“Welcome to the PlanEasy blog! We make personal finance easy.

Thanks for visiting.”

– Owen

What Is Your Risk Profile?

What Is Your Risk Profile?

What is your risk profile? This is a key question for every investor, yet I suspect it doesn’t get the attention it deserves.

Everyone sees risk differently. Some people don’t worry about risk at all, it doesn’t keep them up at night, it doesn’t cause them any stress. To them, not taking risks seems like a waste of time and resources. They’re risk seekers.

On the other hand, some people are deeply affected by risk. It causes them to worry, to always focus on the negatives, to think about all the things that could go wrong. For them, risk causes stress and sleepless nights. They’re risk averse.

Then there is everyone in-between. People who aren’t risk seekers, but who aren’t risk averse either. They see the benefit of risk, but it makes them a bit uneasy.

Choosing the right risk profile isn’t easy. There are a lot of factors to consider. Going too far one way or their other can cause issues over the long-term. But sometimes it takes some real-world experience before you can safely say what you’re risk profile truly is.

read more
Is Asset Location Really Necessary?

Is Asset Location Really Necessary?

Asset location is the idea that certain assets are more tax efficient when held in certain types of accounts. Different assets classes, and more specifically different types of income, are taxed differently in Canada. Dividends are treated differently than capital gains which are treated differently than interest income. Even certain investments inside “tax free” accounts like the TFSA and RRSP can sometimes lose money to taxes but many people may not realize this.

When you’re just starting out you might hold bonds/fixed income, Canadian equities, US equities, and global equities all in one account (probably the TFSA if you’re just starting out). When you’re just using one account, asset location is less of a concern, but once you start to use a second account (maybe an RRSP), then you may want to ensure you have the right asset in the right place to minimize the drag of taxes.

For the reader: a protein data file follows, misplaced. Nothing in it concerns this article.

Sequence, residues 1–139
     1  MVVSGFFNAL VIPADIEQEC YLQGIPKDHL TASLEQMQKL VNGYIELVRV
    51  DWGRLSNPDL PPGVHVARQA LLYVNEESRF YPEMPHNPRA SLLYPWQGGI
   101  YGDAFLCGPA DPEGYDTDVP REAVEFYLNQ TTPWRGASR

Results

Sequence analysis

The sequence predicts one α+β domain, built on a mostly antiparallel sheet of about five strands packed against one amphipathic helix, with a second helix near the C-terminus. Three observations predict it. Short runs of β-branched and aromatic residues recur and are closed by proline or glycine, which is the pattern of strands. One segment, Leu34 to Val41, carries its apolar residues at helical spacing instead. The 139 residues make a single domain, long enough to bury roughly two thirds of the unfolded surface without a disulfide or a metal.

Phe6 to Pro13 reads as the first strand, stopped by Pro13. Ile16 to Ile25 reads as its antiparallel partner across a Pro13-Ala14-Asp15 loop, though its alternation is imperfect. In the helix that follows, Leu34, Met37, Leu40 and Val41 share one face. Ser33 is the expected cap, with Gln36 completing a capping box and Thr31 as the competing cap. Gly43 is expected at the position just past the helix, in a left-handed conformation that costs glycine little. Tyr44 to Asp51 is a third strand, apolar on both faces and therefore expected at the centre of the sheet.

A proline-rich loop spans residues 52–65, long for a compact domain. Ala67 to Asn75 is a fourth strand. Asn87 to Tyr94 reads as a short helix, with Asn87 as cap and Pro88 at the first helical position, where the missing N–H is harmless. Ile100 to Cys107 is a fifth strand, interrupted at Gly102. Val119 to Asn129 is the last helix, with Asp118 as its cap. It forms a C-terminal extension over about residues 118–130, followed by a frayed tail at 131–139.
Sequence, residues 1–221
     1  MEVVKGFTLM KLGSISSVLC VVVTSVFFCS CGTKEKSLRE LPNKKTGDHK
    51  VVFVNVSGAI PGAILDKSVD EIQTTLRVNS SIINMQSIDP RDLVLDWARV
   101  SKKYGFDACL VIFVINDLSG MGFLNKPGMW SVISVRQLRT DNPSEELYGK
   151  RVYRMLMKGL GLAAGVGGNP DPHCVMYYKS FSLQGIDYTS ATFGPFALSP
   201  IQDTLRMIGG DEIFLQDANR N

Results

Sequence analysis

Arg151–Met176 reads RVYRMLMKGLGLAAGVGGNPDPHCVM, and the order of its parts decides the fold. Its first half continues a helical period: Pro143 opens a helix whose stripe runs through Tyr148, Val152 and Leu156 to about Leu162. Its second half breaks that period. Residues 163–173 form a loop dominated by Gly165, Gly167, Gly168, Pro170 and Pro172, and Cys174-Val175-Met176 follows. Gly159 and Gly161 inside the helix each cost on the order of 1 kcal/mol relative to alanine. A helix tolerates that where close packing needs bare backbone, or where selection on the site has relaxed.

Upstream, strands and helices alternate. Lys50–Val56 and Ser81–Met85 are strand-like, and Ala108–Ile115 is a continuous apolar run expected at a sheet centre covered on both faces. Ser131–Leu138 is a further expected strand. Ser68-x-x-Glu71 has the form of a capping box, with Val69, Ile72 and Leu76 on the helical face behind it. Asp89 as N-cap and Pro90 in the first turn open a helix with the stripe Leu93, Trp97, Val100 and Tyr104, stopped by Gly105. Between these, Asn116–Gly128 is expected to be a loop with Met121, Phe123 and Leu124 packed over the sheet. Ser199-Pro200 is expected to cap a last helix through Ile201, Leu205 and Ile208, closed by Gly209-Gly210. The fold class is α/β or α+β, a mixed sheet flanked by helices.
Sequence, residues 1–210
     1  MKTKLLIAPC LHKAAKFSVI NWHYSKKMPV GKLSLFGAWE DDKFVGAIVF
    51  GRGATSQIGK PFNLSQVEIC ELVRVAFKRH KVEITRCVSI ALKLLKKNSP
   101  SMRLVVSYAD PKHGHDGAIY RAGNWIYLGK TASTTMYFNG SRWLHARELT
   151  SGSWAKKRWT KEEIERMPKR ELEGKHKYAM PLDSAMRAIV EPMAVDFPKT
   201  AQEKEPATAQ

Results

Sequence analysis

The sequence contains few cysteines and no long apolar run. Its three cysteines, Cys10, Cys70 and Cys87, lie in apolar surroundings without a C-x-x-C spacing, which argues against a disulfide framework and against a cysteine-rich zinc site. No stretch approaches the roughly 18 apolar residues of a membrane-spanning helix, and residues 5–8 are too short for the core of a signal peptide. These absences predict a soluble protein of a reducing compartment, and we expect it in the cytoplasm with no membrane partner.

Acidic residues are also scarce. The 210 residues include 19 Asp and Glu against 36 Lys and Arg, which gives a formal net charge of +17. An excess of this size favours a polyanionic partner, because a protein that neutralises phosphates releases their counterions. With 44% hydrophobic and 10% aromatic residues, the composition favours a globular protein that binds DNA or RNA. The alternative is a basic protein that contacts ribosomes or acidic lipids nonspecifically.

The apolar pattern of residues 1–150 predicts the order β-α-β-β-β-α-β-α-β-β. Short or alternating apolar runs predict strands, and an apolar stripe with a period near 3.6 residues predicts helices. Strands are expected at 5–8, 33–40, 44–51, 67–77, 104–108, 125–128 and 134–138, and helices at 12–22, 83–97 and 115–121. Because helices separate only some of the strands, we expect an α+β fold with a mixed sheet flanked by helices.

This becomes especially important after you’ve maximized your TFSA and RRSP and have started to use a non-registered account. Non-registered investments are fully taxable at your marginal tax rate so it’s a good idea to put the most tax efficient investments inside your non-registered account.

Taking advantage of an asset location strategy requires a bit of work. Rather than having the same asset allocation in each account (which is super easy to manage), it means having different assets in each account and managing asset allocation across the entire portfolio.

How much money do you need to have in non-registered assets before asset location adds value? $50,000? $100,000? $500,000? $1,000,000? Let’s take a look…

read more
Common Risks In A Financial Plan

Common Risks In A Financial Plan

No financial plan is immune from risk. No amount of planning is going to eliminate risk entirely. In fact, there are many common risks in a financial plan that may cause issues down the road. What we need to do is identify what types of risk a financial plan may face and find ways to reduce that risk or mitigate it where possible.

When we talk about risk we naturally assume that means investment risk. While this is one common type of risk, there are also many other common risks we need to watch out for.

Some of these risks can be reduced or sometimes even eliminated with proper planning. For each major type of risk below, we’ve highlighted a few ways to help mitigate the impact this risk may cause, but even with these tips its usually impossible to eliminate these risks entirely.

A financial plan will typically cover 30-50+ years. Over this time span there are many unknowns that may occur. A good financial plan will be flexible enough to absorb these unknowns and still be able to reach the same goals with only minor tweaks.

This flexibility is important. It’s impossible to eliminate all these risks. It’s very likely that even the best laid plans will experience some disruption along the way. Having some flexibility, and knowing where that flexibility exists, will help reduce the stress and impact if the unfortunate were to happen.

read more
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Owen Winkelmolen

Fee-for-service financial planner and founder of PlanEasy.ca

“Welcome to the PlanEasy blog! We make personal finance easy.

Thanks for visiting.”

– Owen

New blog posts weekly!